We have a “thing” for words and feel that a particular one is tossed around far too often in the bowhunting community. The word we are referring to is “accessibility”, which is defined by Dictionary.com, as something that is easy to approach, reach, speak with, or use.
It is a positive term in most cases, creating opportunities for those who wouldn’t have them otherwise. Ramps make buildings more accessible for the physically disabled. E-readers make browsing the Web accessible for the blind. Interpreters make communicating possible for the deaf. This kind of accessibility is necessary because of the conditions that require it. Conditions these people did not choose. In these cases, accessibility isn’t a privilege, but the right thing to do.
Accessibility, in regards to the bowhunting industry, isn’t the same thing. Rather, it’s a marketing term used to cover up the elimination of challenge that hunting with a bow and arrow presents.
The most current offender is the Pioneer Airbow by Crosman, whose launch article includes gems like:
- Generating more speed and power than a crossbow while being safer and easier to operate, the Pioneer Airbow by Crosman is a revolution of traditional archery equipment.
- The convenience of a trigger firing mechanism, top cocking lever with only two pounds of cocking force and compact profile means anyone, regardless of size or strength, can handle the Pioneer.
- Arrows from the Pioneer stabilize quickly, giving shooters an expanded kill range for any game animal. The Airbow features a cocking lever that can be operated with only two fingers and decocking is just as easy. Its accuracy is not affected by canting and it does not require the complex maintenance of crossbows.
- Simply put, the Pioneer Airbow enhances everything enthusiasts enjoy about archery hunting while making the sport safer and more accessible.
For the sake of staying on point, we’re going to ignore the fact they had the nerve to somehow work “traditional archery equipment” into the mix and chock that up to poor word selection, but we find the rest of the article equally disturbing.
Why? Because the overlying message here is that the difficulty of hunting with the bow and arrow is a problem and the solution is to make it easier by turning it into a gun. It’s as simple as that.
Hunting with a bow is inherently difficult because:
- Bows have less range, requiring hunters to get close.
- Bows require movement to operate.
- Bows store energy in their limbs, which require room to maneuver.
- Bows of all types require more tuning and practice than firearms do.
- It takes longer for an arrow to reach the target than a bullet.
The crossbow was designed to tackle the bulk of that list and achieve the same effect. The Airbow is one, giant step closer.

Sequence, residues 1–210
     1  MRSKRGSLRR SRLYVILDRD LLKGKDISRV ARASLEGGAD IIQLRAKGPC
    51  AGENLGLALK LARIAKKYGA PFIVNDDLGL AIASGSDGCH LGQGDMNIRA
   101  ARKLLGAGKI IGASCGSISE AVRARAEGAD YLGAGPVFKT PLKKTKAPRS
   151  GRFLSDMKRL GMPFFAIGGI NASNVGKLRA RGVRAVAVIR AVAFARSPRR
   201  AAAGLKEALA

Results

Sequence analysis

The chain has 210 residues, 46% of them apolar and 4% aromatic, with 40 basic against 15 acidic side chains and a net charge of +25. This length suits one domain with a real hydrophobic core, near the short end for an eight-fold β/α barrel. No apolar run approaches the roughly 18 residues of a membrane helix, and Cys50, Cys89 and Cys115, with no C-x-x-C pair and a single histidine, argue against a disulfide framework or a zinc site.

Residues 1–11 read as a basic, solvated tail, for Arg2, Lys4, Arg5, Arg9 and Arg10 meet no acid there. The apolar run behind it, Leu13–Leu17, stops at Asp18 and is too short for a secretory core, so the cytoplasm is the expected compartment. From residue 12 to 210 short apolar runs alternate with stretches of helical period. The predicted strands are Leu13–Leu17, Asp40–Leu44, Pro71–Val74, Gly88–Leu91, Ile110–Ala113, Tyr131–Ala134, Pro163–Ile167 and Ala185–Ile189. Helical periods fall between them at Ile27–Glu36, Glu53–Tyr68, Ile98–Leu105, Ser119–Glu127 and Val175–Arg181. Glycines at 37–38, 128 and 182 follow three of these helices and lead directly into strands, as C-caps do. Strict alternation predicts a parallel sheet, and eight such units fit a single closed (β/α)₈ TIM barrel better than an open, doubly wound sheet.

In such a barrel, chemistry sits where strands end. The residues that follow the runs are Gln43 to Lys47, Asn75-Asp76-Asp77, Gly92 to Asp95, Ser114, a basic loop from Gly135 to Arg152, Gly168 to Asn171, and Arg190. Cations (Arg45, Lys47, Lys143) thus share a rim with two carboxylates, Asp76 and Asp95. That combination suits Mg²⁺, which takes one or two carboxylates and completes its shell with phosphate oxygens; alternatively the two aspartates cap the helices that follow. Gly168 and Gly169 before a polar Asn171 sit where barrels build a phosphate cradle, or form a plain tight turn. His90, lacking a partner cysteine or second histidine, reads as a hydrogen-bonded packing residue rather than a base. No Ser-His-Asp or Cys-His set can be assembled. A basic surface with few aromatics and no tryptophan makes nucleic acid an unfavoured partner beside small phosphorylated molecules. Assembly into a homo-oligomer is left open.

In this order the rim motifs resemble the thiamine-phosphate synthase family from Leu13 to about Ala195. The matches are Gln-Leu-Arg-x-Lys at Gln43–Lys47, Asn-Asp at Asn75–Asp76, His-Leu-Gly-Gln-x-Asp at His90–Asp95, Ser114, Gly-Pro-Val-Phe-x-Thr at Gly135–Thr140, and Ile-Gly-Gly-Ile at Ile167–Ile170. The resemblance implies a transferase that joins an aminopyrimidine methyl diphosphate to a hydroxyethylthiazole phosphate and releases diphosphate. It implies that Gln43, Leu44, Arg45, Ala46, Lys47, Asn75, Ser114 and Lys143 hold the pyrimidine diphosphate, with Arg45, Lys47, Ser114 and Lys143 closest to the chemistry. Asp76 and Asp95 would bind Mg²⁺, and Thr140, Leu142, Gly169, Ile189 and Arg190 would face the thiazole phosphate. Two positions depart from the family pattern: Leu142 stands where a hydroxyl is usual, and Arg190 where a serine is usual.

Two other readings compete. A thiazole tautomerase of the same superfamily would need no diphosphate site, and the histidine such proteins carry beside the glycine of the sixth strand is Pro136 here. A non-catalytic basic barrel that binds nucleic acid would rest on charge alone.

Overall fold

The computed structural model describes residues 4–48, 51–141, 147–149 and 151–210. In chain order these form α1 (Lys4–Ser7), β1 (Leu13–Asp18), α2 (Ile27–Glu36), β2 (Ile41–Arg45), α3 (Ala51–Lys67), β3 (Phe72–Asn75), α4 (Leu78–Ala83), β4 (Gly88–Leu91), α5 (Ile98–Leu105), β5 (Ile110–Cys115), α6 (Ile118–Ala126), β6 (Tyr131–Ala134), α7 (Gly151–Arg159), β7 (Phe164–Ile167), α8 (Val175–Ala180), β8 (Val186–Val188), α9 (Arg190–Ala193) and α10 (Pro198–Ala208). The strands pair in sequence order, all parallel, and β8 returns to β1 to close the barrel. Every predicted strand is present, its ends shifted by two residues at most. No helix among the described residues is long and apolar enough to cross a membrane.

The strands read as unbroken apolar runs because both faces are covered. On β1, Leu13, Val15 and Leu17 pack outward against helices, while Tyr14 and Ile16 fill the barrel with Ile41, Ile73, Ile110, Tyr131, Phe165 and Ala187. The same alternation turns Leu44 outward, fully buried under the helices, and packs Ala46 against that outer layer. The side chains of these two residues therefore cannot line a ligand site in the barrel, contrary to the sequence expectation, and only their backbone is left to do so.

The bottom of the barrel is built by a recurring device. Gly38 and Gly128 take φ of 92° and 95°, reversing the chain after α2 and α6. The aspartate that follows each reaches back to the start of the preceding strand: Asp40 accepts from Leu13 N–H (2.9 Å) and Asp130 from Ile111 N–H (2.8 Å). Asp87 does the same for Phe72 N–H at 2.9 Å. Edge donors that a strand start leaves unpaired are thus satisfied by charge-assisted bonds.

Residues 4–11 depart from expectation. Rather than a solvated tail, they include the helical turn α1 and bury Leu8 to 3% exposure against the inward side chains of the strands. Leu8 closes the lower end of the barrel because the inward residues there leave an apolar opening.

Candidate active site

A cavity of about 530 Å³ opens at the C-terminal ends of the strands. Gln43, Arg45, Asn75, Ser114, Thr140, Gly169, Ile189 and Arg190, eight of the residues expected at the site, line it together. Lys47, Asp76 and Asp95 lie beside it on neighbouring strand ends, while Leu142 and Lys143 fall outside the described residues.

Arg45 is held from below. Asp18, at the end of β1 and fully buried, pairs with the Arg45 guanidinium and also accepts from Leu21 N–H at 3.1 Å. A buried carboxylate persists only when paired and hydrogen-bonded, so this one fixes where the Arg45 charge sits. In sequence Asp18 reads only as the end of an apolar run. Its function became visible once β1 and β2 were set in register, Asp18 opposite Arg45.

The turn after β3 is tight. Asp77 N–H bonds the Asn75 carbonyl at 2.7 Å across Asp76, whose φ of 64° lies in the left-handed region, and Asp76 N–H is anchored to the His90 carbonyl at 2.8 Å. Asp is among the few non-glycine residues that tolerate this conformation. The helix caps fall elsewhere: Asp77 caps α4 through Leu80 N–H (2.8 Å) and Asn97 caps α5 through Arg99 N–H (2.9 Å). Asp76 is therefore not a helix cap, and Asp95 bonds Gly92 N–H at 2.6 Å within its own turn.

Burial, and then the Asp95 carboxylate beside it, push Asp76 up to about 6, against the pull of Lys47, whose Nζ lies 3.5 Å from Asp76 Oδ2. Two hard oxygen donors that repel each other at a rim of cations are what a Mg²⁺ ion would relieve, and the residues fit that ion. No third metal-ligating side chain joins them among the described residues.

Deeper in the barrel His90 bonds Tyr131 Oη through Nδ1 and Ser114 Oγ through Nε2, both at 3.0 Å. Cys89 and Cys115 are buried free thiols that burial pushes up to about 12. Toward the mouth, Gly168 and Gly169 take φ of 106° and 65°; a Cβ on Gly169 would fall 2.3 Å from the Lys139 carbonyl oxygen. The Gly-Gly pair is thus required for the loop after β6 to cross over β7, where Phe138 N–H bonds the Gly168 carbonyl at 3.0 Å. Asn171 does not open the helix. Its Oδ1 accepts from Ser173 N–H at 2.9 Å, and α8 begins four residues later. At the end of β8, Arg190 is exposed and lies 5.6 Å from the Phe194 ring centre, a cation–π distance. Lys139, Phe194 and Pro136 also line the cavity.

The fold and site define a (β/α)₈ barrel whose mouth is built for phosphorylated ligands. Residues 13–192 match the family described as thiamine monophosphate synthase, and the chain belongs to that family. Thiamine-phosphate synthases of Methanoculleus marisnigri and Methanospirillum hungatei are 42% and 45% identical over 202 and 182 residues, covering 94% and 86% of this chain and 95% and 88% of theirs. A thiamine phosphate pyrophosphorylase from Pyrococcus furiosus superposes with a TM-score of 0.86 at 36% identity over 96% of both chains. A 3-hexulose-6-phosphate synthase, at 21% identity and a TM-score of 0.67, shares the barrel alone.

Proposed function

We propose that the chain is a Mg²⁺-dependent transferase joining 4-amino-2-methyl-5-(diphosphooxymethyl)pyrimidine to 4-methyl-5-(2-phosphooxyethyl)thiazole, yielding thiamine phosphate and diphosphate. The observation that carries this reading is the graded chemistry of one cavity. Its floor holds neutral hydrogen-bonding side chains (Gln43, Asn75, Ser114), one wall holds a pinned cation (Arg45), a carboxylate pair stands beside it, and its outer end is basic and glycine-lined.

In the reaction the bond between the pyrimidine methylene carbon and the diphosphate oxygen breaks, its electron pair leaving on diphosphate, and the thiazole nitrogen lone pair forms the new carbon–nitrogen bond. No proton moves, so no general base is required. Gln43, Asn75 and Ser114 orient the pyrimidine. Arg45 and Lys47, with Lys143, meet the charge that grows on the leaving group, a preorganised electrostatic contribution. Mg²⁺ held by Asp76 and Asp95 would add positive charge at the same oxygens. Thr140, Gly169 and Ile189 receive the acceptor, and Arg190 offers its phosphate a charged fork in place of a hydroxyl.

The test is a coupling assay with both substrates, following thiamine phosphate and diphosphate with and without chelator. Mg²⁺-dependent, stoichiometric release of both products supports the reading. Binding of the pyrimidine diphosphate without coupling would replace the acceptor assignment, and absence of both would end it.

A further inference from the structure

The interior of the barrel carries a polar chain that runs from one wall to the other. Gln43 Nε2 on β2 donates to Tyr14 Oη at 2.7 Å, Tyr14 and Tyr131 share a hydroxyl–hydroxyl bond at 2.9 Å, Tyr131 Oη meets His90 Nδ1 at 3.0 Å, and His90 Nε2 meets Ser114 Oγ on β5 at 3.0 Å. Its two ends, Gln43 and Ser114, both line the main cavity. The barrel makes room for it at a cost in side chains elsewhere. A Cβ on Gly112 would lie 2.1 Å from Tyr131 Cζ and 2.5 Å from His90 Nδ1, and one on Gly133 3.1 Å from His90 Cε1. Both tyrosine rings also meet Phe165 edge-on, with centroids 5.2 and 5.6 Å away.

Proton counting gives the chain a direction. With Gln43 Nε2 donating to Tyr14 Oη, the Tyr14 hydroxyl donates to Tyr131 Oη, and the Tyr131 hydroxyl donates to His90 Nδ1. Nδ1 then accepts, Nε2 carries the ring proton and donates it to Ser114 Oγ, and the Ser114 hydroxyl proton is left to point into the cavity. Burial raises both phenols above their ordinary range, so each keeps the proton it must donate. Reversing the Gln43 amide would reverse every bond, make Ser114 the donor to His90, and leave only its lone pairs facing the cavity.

Now here is the issue…
Bowhunting was meant to be difficult. It was supposed to be challenging. The idea was to limit yourself, to give the game the advantage and heighten the experience of a hunt. These are all positive things, yet somehow a percentage of us have become convinced these were negatives in need of correction. Weapons like the airbow, and even the crossbow, eat away at the fabric of bowhunting – the intention. Once that is gone, bowhunting will cease to exist.
Plus, the airbow is not a bow by any definition. It’s an air-powered dart gun with a broadhead for a tip. There is absolutely no place for this weapon during archery season. If someone wants to pursue game with an airgun than the firearms season is the proper place. The line has to be drawn somewhere.
Unfortunately, the bowhunting industry is just that – an industry – and is out to make money; money that will influence legislation; money that will make this ridiculous weapon legal for the masses to hunt with during archery season.
The fact of the matter is bowhunting, as we know it, is under fire. Like a bad apple, the core is being eroded away, though the outside appears fine. By the time a bite is taken, it will be too late. The hunting will be gone and the harvesting will be all that is left.
Thankfully, it isn’t too late to act, and any bowhunter can do so. You can start by joining your local bowhunting organization. They are your front line of defense in preserving the integrity of bowhunting. Be sure to let them know where you stand and ask how they are addressing this issue. Offer to help or even take the lead on their actions. Next, there are several national organizations that have always fought for the rights of bowhunters. Let them know how you feel and consider joining them as well. Your membership helps strengthen their numbers and fund their efforts (links to two such organizations are below). Lastly, contact your state’s Department of Natural Resources and State Representative. We’ve even put together a letter for you to download and customize. You can download it here. Get ahead of the manufacturer’s lobbying to get these weapons into archery seasons.
Simply Traditional Field Staff